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01/17/2017 OWASSO – For nearly 20 years, the jobs I have held included a police scanner running quietly in the background of my office and home.  Most days it is a lot of the same; trafficIMG_6126 accidents, shoplifting calls, domestic calls, loud music, dogs barking, etc…  

But then there’s a day when that normal traffic call turns into something else.  I heard this entire call as it happened. 

On November 14, 2016, Owasso Police Officer Jarod Mitchell, was patrolling the German Corner area of Owasso just before 1:30am and happened upon a vehicle traveling approximately 94MPH in a 40MPH zone.  He then attempted to make a traffic stop on the vehicle, which failed to yield, and continued at an extremely high rate of speed towards US Highway 169 along 116th Street North from Garnett Road.

Officer Mitchell gave chase eastbound, passing US Highway 169 and continuing Highway 20 towards Claremore.  The suspect continued East on Highway 20 at the same high rate of speed.

I listened as Officer Mitchell calmly reported chase speed, his location and direction of travel to the dispatcher.  As the chase neared Looking Glass Valley, the suspect opened fire on Officer Mitchell with a handgun through the driver’s side door window.  In the same calm voice, he reported, “Now he is shooting at me.” 

Officer Mitchell continued following the suspect eastbound, with sporadic gunfire continuing at the officer between 14500 East and 19300 East on Highway 20.  Officer Mitchell continued the pursuit down Keetonville Hill, across the Verdigris River and into Claremore, where Claremore Police and Rogers county Deputies were fired upon by the suspect at a roadblock that was set up near Highway 20 and Clubhouse Road.

The suspect continued on Highway 20 in Claremore and onto railroad tracks within the business district of that community.  The suspect eventually crashed and  fled on foot.  A perimeter was set up around 600 West Will Rogers Blvd involving Owasso Police Officers and K9, Claremore Police and Rogers County Deputies.  The suspect was eventually cornered and taken into custody without further violence.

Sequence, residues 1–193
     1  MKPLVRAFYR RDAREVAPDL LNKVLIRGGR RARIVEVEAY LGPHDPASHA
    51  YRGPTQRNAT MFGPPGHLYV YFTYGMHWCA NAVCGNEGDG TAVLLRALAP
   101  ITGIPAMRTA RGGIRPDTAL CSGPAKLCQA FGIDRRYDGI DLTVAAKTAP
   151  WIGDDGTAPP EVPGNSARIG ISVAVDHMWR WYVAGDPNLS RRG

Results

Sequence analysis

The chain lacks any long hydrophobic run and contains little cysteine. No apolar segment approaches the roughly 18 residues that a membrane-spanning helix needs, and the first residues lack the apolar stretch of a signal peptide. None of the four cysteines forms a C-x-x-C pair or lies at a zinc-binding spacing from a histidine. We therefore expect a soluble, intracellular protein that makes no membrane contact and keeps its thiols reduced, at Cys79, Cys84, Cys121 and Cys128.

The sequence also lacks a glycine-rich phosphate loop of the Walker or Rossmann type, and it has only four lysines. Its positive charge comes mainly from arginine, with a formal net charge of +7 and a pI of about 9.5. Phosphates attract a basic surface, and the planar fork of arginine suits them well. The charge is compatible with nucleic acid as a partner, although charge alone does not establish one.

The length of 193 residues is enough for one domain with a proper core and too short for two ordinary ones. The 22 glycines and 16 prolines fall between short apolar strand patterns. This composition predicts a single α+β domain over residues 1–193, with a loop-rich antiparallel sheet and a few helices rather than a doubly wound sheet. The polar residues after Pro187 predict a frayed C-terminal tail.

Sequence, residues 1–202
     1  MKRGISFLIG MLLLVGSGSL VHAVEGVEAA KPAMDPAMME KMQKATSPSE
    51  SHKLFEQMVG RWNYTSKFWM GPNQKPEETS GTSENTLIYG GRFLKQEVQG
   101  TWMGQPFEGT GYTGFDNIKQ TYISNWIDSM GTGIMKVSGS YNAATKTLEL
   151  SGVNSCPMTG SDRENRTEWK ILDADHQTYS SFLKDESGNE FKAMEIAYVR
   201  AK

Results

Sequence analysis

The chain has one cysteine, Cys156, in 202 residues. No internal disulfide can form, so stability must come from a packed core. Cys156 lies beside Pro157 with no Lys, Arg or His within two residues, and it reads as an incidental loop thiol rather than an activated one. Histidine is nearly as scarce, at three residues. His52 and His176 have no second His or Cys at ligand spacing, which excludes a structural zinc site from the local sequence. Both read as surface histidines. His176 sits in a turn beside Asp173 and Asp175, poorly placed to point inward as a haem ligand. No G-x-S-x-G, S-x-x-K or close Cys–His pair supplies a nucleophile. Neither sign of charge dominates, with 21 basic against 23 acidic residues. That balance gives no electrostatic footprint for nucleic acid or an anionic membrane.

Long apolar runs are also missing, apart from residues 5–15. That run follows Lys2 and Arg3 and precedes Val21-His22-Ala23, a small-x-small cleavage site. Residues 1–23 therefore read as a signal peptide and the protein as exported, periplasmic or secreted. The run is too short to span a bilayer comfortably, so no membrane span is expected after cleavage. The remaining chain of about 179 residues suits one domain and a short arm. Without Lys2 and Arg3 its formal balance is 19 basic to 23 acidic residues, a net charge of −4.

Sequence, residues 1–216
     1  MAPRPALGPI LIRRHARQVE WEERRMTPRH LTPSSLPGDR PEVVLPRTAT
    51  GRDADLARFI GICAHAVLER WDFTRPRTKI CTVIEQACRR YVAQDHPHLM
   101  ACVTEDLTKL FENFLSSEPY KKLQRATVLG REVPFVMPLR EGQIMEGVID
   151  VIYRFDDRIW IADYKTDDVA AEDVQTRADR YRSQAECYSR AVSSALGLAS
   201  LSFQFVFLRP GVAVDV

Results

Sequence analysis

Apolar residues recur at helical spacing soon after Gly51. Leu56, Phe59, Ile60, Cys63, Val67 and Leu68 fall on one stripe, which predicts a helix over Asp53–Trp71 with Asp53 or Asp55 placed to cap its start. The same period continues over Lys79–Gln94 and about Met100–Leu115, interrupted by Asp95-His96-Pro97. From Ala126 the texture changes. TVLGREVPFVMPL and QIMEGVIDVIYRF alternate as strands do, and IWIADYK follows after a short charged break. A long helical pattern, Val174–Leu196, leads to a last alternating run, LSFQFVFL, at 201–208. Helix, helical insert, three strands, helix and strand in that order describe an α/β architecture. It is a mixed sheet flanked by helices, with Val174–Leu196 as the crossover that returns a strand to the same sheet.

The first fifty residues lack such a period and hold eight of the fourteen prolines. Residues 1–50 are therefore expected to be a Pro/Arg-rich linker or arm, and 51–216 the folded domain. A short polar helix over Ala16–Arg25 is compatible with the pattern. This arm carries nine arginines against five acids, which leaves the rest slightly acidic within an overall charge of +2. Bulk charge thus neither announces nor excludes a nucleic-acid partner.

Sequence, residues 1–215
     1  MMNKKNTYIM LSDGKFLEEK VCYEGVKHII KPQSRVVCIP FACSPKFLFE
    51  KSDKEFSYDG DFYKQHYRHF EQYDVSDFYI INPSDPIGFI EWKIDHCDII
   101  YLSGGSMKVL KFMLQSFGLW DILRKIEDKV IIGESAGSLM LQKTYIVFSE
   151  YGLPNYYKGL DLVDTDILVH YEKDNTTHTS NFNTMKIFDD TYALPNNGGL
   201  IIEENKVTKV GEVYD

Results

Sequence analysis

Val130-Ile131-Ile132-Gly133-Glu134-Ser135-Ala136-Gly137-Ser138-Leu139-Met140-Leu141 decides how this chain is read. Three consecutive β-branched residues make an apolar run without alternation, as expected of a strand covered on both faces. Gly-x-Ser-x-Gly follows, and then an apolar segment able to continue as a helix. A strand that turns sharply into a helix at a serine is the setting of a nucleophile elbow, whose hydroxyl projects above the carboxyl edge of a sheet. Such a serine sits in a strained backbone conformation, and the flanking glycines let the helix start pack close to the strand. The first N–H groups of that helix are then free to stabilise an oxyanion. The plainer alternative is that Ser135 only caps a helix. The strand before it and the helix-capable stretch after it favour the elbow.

A .45 caliber believed to be the weapon used to fire at officers was recovered.  .45 shell casings were recovered along the route of the pursuit in the area where the officers took fire from the suspect. No officers were injured during the events that night. Listening to the call on the scanner, that seems like a miracle.

At Tuesday night’s Owasso City Council meeting,  Owasso Police Chief Scott Chambliss, awarded Mitchell with the Medal of Valor for his bravery that night, one of the highest honors that is awarded at the department.

The happenings that night were not a one man show.  Others were honored for their teamwork for the apprehension of the suspect.

In addition to Officer Mitchell receiving the Medal of Valor, the other staff receiving a Unit Citation Award were:

  • Lt Darryl Jones
  • Sgt Robert Funk
  • Patrol Officers; Lloyd Hudson, Paul Newman, Josh Pappalardo, Andy Eubanks, James Clutter and Nicholas Munson
  • Communications Officers; Myretta Ballou, Mary Dean 

Some of these officers were recognized for joining Mitchell in the pursuit itself, going to Claremore and engaging in the search for and apprehension of the suspect.  Others for their investigative work conducted between the time the pursuit was initiated and the time the suspect was taken into custody.  Of note is that prior to the suspect even being taken into custody, the officers that did not initially engage in the vehicular pursuit, had already obtained the name of the suspect, identified his address and spoken to family members, all while officers were engaged in searching for the suspect.  Others collected evidence from surveillance cameras along the route of the pursuit, collected spent shell casings from the roadway and a lot of other legwork all before the incident was over. 

Communications Officers, whose jobs I believe are often overlooked by the public, had to deal with the madness of such an incident, coordinating the response of several different agencies during the event, all while continuing to do their normal routine of answering 911 calls, answering additional telephone calls for service, dealing with the Municipal Jail, dispatching additional police and fire calls for service, etc…

The introduction of critical incidents into the normal ebb and flow of the routine work of our Communications and Patrol staff is nothing new, and has too become rather routine. However, the scale of this particular incident, the danger levels involved coupled with the physical and emotional impact such incidents have on our emergency responders, is noteworthy in this case.

Protecting you, the citizens of Owasso, is the job they signed up for. It is often a thankless one, especially when they risk their own lives daily protect yours. 

We salute you OPD… everyday.